Collaborations Result in Better Donor Relations Work
Consciously Coordinated Collaborations Deliver Better Results
Thomas L. Friedman’s bestseller The World is Flat, published in 2005, identifies a more flattened or horizontal way of doing business made possible by improvements in communications technologies, political changes and new collaborative business practices. He focuses on developments that are making it easier and more necessary for people and businesses all over the world to partner every day.
This consciously collaborative approach is relatively new in the donor recognition field and provides advantages for all players. It affords the client better long-range plans for ongoing maintenance and expansion of the donor recognition program. It also allows each stakeholder in the project the ability to provide their best consultation and service directly to the client. Done well, it makes best use of client financial and staff resources. Heurista sees this model as a positive, necessary and growing trend in the field of donor relations.
As a recent example, Heurista worked in close partnership with multiple design and fabrication partners at the Darla Moore School of Business at the University of South Carolina. First, the USC Central Development team engaged Heurista to expand the donor recognition standards to include guidelines for electronic donor recognition and the product solutions for the recognition of non-facility-based naming opportunities. Further, this facility has unique design features that posed design challenges, including the need to group recognition into primary public destinations with available wall space. Central Development encouraged the partnership between the Moore School and Heurista in order to create standard solutions that would serve as guidelines for other schools and units.
Once programmatic decisions were underway, Heurista worked in close coordination with the Moore School’s leadership, advancement and marketing teams, and the architectural firm, Raphael Viñoly Architects to develop a comprehensive messaging strategy. A dynamic sign system is coordinated with a dedicated display for recognition of donors, alumni, volunteers, history and current initiatives, in addition to the nine hardscape donor recognition displays throughout the building. Heurista remained engaged with the advancement team for all content development, including donor interviews, copywriting and the review and approval process.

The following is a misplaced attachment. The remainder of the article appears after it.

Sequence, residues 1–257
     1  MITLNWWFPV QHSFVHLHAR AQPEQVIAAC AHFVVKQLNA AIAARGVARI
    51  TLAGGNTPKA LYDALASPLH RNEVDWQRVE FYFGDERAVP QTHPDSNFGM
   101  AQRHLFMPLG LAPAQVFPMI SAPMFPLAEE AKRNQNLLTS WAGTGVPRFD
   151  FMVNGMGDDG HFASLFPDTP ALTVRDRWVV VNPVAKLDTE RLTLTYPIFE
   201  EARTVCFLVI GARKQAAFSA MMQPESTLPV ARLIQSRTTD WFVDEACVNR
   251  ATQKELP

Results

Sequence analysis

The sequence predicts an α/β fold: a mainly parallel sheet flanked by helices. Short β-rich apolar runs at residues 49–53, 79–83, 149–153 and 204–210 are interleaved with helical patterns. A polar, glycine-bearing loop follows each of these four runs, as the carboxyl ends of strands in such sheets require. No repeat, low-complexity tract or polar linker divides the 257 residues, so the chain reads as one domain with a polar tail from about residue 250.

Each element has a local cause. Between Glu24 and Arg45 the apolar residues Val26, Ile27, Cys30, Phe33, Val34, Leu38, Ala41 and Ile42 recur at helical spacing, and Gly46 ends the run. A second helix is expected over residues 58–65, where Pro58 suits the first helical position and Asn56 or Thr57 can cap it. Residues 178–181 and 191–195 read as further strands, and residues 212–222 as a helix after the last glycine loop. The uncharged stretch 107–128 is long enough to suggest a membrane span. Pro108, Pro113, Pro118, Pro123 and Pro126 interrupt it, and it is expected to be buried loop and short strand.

Honorcraft worked collaboratively with Heurista to detail, fabricate and install the displays and has reported on the project on their own blog. SiteImages supported the digital architecture and provided digital design for the touch screen content. Tightrope Media Systems used content architecture and graphic design from Heurista to complete the custom interactive presentation that intersects with the digital sign system throughout the building. Gallehugh Group provided video content for top tier donors and RVA Architects coordinated design and installation of dimensional letters for primary destinations. Throughout, Moore School staff and members of the university's technology services team were actively engaged.
Timing for this project was crucial. Tight coordination was necessary between all outside firms and those coordinating the move of the Moore School into the new space, which occurred just as classes were starting this past fall. Due to hard work and commitment on all fronts, in less than ten weeks, nine separate displays were built and installed and the electronic recognition component, presenting over one hundred individual profiles, was finalized.
While not all of Friedman’s theories apply to our work, it is my prediction that the trend towards collaboration will flourish in donor relations and stewardship work. It is a model that allows non-profits to draw the best possible expertise from multiple sources while maintaining a creative role in the design and implementation process. Depending on the skills and time that in-house team members have to dedicate to the project, a staff member may serve as project lead. Or as was the case with the donor recognition at the Moore School, one outside resource may take the lead, as Heurista did. In either situation, roles and responsibilities, a reporting structure, file sharing methods and schedule and budget must be carefully managed, now that there is no single-source, vertical accountability.
The new Darla Moore School of Business is an example of collaborative success and the facility is a showplace.
POST WRITTEN BY ANNE MANNER-MCLARTY · APRIL 7, 2015